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SPORTS
January 12, 1994 | Daily News Wire Services
Black college basketball coaches, their anger ignited by the decision of NCAA delegates not to restore a scholarship, likely will boycott games, and players and some white coaches are expected to join them. Rudy Washington, head of the Black Coaches Association and coach at Drake, said yesterday he expects his group to boycott games, possibly for the rest of the season. The boycott could begin as early as Saturday, Martin Luther King's birthday. "In all likelihood, there will be a boycott, but I am reluctant to give you a time and date," Washington said.
NEWS
September 26, 1990 | By Leigh Jackson, Daily News Staff Writer
Radio stations WDAS-AM and WDAS-FM are calling for a boycott of all Japanese products to protest comments made last week by a Japanese Cabinet minister who compared black Americans to prostitutes. "It just seems stupid to continue to support institutions that don't support us," said E. Steven Collins, information director for the stations. The black-owned stations were expected to announce the boycott at a community meeting today at the Afro-American Historical and Cultural Museum at 7th and Arch streets.
SPORTS
January 12, 1994 | ASSOCIATED PRESS Inquirer staff writer Mike Bruton contributed to this article
The executive director of the Black Coaches Association, upset over the NCAA's decision to cut scholarships, said yesterday he expects his group to boycott men's college basketball games. The boycott, which would include coaches and players, could begin as early as Saturday, which is Martin Luther King's birthday. An official date had not been set last night. "In all likelihood there will be a boycott, but I am reluctant to give you a time and date," said Rudy Washington, head of the 3,000-member BCA and basketball coach at Drake.
NEWS
December 6, 1995 | By Warren Goldstein
Forty years ago today, African American citizens of Montgomery, Ala., launched one of the great movements of the 20th century. Four days after Rosa Parks, a seamstress riding the bus home from work, was arrested for refusing to give up her seat to white riders, the black community pulled off a stunning boycott of the bus system. That night a crowd at least 5,000 strong packed the Holt Street Baptist Church, as well as the streets for acres around. Loudspeakers carried the proceedings to the immense, excited crowd.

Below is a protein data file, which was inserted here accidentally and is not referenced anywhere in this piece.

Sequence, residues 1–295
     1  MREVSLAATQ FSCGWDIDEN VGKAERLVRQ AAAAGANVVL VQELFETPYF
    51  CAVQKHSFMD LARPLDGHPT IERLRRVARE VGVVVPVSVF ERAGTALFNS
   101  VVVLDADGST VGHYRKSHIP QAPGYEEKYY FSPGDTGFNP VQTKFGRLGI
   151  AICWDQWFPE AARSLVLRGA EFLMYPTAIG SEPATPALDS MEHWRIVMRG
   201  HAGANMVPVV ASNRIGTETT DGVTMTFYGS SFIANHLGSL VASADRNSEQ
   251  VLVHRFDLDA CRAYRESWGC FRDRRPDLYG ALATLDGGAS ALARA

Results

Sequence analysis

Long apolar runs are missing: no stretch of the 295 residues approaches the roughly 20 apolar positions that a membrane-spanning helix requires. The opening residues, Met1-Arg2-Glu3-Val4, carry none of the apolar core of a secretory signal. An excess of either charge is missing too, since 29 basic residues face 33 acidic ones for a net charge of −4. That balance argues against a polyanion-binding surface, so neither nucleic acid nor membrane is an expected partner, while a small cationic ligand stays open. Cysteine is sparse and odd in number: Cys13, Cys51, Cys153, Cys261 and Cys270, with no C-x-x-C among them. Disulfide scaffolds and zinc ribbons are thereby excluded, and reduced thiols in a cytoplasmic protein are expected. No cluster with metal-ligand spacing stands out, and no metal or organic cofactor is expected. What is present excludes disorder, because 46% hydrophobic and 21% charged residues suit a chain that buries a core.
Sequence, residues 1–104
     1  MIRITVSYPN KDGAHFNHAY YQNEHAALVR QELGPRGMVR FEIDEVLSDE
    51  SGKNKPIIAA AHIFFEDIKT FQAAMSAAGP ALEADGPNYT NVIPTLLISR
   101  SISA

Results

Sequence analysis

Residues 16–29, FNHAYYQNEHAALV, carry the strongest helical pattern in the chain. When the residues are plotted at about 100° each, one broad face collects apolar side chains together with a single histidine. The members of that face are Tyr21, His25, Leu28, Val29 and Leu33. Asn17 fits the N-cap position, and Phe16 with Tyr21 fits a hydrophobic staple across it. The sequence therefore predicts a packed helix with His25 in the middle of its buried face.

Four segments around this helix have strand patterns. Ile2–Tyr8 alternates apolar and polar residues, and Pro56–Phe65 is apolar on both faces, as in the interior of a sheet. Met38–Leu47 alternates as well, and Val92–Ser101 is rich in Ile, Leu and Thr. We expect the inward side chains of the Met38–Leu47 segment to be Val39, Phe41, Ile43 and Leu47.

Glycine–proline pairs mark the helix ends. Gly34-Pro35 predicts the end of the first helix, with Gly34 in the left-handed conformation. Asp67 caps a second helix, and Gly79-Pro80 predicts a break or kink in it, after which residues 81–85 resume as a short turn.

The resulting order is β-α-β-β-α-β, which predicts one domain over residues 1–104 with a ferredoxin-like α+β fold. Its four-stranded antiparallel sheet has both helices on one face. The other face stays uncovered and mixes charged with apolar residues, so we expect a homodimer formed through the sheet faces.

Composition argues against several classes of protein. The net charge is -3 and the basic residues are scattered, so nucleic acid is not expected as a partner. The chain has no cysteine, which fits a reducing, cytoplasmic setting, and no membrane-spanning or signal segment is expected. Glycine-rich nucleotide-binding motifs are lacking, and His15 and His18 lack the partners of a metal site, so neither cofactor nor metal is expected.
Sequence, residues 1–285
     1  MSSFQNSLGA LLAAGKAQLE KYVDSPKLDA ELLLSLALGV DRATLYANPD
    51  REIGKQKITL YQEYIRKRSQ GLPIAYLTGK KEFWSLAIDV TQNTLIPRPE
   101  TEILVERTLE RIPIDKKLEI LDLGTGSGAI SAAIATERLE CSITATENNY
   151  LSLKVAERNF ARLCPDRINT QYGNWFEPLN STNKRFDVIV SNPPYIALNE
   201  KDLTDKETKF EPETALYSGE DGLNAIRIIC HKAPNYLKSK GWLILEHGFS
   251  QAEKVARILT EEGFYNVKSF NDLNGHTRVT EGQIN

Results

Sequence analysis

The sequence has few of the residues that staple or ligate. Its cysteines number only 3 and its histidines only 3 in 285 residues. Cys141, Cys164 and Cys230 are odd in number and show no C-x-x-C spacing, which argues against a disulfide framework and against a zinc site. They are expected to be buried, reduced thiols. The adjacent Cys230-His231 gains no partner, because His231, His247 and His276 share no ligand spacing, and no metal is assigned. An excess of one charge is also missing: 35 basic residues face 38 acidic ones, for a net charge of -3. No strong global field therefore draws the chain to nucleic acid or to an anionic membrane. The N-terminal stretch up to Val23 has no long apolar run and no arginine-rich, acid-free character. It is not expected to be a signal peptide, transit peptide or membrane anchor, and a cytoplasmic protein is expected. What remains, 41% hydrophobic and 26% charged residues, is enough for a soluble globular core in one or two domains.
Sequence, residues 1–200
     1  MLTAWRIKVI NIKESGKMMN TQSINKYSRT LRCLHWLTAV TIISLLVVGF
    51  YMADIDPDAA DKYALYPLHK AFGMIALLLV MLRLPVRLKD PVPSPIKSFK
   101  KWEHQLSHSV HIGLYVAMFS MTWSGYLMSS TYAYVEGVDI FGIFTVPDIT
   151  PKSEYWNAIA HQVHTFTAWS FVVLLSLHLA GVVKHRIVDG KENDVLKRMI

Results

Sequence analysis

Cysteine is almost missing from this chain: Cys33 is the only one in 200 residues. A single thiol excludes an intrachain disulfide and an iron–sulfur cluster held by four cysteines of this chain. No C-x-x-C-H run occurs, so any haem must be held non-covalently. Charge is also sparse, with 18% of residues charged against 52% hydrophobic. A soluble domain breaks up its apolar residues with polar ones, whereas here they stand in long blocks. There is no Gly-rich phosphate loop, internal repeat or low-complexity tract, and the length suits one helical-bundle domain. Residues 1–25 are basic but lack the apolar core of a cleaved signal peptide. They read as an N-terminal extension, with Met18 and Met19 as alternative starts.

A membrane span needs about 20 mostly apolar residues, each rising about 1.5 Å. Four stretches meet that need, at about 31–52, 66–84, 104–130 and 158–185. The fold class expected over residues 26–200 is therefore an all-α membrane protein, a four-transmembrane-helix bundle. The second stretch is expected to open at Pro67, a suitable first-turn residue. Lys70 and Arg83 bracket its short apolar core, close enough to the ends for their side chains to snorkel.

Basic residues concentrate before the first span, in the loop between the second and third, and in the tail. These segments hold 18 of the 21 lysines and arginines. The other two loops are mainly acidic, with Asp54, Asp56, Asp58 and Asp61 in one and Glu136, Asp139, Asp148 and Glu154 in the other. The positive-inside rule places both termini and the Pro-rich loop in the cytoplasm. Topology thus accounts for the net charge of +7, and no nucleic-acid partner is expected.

NEWS
July 3, 1987 | BY MIKE ROYKO
It's surprising that Jesse Jackson has become so easily satisfied. Months ago, Jackson was outraged that major-league baseball had so few blacks in top management positions. And he warned that if things didn't improve soon, there would be a boycott of baseball games on July 4, traditionally one of the biggest attendance days of the season. Now, with July 4 almost here, Jackson says he isn't going to hold a boycott after all. "There will not be a boycott on July 4," he said, "because the process is well under way. " Say, what?
BUSINESS
November 15, 1996 | By Rosland Briggs, INQUIRER STAFF WRITER This article contains information from Reuters news service
Carl Bryant is stuck in the middle. An African American, he runs two Texaco stations in Philadelphia. He estimates that sales - both from the pumps and the enclosed sales area - have dropped 30 percent since Nov. 4, when a 1994 tape recording of Texaco Inc. executives allegedly using racial slurs became public. Today, he said he would learn whether community leaders planned to boycott his gas station at Broad and Diamond Streets. "It's affecting everybody. Right is right, and wrong is wrong.
NEWS
September 9, 2004
TO COLUMNIST Elmer Smith: Regarding the Kobe Bryant rape case and apology, you hit the nail on the head. He apologized for raping a young woman by blaming her for not understanding his intentions? I was caught breathless by this. He could have spared us all this debacle, but instead dragged his wife, the victim, the press and the public along for a ride. Mr. Bryant is draped in the same tainted cloth as Mike Tyson, William Kennedy Smith and other high-profile people who think they are above the law. I will make sure I never buy anything associated with his name again.
NEWS
December 1, 1987 | By VALERIA M. RUSS, Daily News Staff Writer
Only about half of the 700 pupils at the Morton McMichael Elementary School attended this morning, the second day of a boycott by parents who are angry that the school's acting principal, Nilsa Gonzalez, was not appointed to the job permanently. Yesterday, only about 36 pupils attended the school, at 36th and Fairmount Avenue, said School District spokesman William C. Thompson. This morning was the first on the job for the new principal, Russell Sgro, who had been in charge of the special education program for schools in South Philadelphia.
NEWS
June 5, 2009
MARYANNE McGovern won't watch "24," one of the her favorite TV shows, because Janeane Garofalo made a comment she disagrees with, that tea-baggers were confused, angry, racist individuals incapable of understanding a commonsense speech and noting their focus on the president's cultural identity rather than his policies. Surely the answer to our problems as Americans (though we often differ) is not to protest watching one of the best dramas on TV simply because someone has an opposing view.
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NEWS
July 21, 2016 | By Thomas Fitzgerald, POLITICS WRITER